Obviously, just because a child can read before speaking, it doesn't mean the child is a genius, but try explaining this to some people and it's like talking to a brick wall. The bullying/discrimination has already started.



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15 Dec 2021, 9:00 pm

TenMinutes -- I agree with that article, and thanks for posting it, but that's actually a different topic. I know it seems like the same thing, but it's not. In my family, we have concrete evidence of the fact that we learn speech faster when it's connected with reading/visual.

To make an extreme example, if a child is 80% deaf, then clearly it would be beneficial to use visual aids. This doesn't mean the article ("The Stubborn Myth of Learning Styles") is wrong. It just means it's a different topic that looks like the same topic at first glance.



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16 Dec 2021, 3:53 am

Rotter wrote:
magz wrote:
The important part is that communication is meaningful and goes both ways. Once the child learns communication and why it matters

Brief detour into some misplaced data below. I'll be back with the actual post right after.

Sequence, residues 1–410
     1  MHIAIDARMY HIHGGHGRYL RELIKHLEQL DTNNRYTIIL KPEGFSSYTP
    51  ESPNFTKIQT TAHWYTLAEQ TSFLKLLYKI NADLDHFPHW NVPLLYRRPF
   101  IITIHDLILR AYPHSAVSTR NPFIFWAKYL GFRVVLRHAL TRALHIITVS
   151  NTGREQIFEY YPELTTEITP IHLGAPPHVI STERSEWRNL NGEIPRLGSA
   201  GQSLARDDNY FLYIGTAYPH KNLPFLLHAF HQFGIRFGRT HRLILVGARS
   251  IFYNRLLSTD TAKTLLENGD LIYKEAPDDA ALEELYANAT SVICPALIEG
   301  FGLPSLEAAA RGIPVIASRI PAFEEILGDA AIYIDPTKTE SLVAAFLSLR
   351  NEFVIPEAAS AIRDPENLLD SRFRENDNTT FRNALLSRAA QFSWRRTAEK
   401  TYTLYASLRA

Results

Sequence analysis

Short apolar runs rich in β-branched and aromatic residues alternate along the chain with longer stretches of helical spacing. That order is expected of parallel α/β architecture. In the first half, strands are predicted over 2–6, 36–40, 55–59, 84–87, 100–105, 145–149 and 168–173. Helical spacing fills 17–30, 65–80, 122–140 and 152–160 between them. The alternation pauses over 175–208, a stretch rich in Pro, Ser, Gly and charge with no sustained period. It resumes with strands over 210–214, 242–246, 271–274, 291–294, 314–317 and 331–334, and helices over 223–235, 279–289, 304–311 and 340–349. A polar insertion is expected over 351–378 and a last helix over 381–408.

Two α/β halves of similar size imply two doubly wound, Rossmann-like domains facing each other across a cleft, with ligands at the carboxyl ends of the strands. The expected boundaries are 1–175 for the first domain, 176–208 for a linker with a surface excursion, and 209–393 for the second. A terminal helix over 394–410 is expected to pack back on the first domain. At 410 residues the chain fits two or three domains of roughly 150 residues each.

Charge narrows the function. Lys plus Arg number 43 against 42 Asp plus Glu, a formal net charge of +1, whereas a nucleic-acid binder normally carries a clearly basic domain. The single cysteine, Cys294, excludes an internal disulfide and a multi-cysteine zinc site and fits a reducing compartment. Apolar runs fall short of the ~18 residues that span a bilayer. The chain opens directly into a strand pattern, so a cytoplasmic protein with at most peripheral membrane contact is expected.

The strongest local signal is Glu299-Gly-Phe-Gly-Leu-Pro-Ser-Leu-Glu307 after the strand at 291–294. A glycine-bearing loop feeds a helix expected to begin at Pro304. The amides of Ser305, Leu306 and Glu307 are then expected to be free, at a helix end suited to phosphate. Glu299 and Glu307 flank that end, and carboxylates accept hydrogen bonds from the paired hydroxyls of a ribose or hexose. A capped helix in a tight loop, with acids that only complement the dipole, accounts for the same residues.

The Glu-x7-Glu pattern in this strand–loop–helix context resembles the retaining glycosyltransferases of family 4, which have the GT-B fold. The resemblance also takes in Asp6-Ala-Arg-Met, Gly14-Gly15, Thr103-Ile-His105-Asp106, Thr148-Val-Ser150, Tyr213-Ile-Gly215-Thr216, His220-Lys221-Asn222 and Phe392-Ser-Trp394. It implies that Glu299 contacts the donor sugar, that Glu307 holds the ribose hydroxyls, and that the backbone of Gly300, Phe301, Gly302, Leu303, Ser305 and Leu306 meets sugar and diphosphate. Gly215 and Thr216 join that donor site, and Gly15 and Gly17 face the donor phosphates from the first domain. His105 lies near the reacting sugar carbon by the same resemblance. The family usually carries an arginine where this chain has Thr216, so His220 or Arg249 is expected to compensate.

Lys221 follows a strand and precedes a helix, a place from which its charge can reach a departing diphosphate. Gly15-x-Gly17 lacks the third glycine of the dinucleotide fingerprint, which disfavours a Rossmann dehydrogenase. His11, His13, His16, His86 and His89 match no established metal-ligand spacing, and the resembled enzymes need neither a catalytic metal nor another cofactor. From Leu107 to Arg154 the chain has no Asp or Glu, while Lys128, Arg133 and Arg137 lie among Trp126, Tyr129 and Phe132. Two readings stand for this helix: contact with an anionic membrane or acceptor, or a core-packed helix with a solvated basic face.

meaningful - Is that, for example, helping the child to understand the benefit of saying "I want a drink" when the child is thirsty?
Can you give some further examples beyond food and drink?
What else can be done to make the communication meaningful and increase motivation to speak?
A speech therapist said to play board games with rules, but it seemed to bring no improvements at all. I guess this is an example of non-meaningful communication in the viewpoint of the child.

Listening and caring. The whole active listening skill.
Using communication to discuss discomforts and interests. I haven't yet met a child who wouldn't be lively interested in something.